Since mid March, there have been several states reporting an E. coli outbreak due to consumption of romaine lettuce that was grown in the Yuma, Arizona region. As of April 9th, 17 people infected with the outbreak strain of E. coliO157:H7 have been reported from 7 states. A list of the states and the number of cases in each can be found on the Case Count Map page. Illnesses started on dates ranging from March 22, 2018, to March 31, 2018. Since then, more cases have been reported just days between each other on April 13th, April 18th, April 20th, April 25th, April 27th, and May 2nd.
As of May 2nd, 23 more people from 10 states have been added to the investigation, making almost half of the United States in the count. States include Alaska, Arizona, California, Colorado, Connecticut, Georgia, Idaho, Illinois, Kentucky, Louisiana, Massachusetts, Michigan, Mississippi, Missouri, Montana, New Jersey, New York, Ohio, Pennsylvania, South Dakota, Tennessee, Virginia, Washington, and Wisconsin. Among the 24 states, 121 people have fallen ill.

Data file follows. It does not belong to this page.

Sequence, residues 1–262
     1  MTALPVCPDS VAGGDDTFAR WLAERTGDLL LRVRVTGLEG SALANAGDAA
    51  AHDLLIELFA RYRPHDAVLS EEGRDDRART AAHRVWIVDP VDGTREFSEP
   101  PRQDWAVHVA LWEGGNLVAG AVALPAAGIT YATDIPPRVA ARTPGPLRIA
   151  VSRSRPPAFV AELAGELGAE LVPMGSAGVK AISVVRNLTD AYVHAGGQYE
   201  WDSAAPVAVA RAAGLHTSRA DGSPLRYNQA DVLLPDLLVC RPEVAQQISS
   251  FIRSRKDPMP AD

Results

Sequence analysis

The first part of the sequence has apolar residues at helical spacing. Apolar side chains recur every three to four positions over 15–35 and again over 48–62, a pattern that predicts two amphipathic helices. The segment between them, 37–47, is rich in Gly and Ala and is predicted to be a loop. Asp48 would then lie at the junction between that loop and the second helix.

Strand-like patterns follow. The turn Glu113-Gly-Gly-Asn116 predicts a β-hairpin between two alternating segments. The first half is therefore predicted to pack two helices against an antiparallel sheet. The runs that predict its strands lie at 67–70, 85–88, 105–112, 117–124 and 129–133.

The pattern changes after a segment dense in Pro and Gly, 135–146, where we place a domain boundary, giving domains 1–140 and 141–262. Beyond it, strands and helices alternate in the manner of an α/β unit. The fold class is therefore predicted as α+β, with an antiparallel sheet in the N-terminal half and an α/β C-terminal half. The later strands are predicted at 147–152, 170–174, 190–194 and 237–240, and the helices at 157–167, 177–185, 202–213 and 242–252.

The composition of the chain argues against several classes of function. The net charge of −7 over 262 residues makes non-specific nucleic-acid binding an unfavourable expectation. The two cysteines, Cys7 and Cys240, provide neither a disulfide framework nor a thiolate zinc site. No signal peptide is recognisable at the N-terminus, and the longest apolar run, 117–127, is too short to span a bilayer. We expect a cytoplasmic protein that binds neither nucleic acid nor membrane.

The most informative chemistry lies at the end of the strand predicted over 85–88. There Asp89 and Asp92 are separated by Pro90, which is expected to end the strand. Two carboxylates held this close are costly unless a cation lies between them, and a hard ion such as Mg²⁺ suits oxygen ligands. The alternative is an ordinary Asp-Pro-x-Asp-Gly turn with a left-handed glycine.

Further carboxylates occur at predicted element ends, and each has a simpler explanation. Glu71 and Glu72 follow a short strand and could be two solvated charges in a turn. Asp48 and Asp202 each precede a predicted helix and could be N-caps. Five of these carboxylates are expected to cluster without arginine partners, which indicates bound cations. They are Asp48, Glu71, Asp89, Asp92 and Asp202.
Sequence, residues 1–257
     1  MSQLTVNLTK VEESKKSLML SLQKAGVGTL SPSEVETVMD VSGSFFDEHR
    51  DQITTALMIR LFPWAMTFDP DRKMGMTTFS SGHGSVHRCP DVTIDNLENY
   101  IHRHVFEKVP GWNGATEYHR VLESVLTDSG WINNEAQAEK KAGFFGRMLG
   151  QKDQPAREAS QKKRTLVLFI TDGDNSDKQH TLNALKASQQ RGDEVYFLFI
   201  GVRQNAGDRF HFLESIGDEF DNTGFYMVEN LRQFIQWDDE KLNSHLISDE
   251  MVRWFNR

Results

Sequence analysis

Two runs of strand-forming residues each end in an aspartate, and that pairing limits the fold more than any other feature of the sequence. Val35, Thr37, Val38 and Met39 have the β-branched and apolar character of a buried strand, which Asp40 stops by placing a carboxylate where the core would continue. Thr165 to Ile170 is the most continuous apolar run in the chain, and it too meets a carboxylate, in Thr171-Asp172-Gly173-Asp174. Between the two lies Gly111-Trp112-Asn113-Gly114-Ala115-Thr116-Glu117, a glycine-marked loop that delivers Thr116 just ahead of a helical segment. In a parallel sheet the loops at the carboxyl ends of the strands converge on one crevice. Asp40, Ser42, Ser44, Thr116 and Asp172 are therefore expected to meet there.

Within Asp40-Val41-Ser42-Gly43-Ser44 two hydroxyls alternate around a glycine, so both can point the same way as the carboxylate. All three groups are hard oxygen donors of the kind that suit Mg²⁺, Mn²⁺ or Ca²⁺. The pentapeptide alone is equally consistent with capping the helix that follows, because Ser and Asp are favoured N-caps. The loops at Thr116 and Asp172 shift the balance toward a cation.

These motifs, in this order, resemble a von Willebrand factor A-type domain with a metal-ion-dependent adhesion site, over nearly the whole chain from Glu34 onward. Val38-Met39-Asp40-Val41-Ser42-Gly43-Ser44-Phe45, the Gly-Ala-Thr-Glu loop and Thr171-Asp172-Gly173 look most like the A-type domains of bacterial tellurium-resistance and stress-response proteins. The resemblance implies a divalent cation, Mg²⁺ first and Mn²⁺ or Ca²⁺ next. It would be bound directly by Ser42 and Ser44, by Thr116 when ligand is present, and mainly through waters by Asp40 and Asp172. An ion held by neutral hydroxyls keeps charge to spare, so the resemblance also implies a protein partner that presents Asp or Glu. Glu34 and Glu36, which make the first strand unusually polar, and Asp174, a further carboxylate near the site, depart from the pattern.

To best avoid this bacteria, here are a few tips for consumers:
Do not eat or buy romaine lettuce unless you can confirm it is not from the Yuma, Arizona, growing region.
Product labels often do not identify growing regions; so, do not eat or buy romaine lettuce if you do not know where it was grown.
This advice includes whole heads and hearts of romaine, chopped romaine, baby romaine, organic romaine, and salads and salad mixes containing romaine lettuce. If you do not know if the lettuce in a salad mix is romaine, do not eat it.
Tips for retailers and restaurants:
Do not serve or sell any romaine lettuce from the Yuma, Arizona growing region. This includes whole heads and hearts of romaine, chopped romaine, baby romaine, organic romaine, and salads and salad mixes containing romaine lettuce.
Restaurants and retailers should ask their suppliers about the source of their romaine lettuce.
The investigation is still ongoing. To keep up with CDC updates on this issue, visit https://www.cdc.gov/ecoli/2018/o157h7-04-18/index.html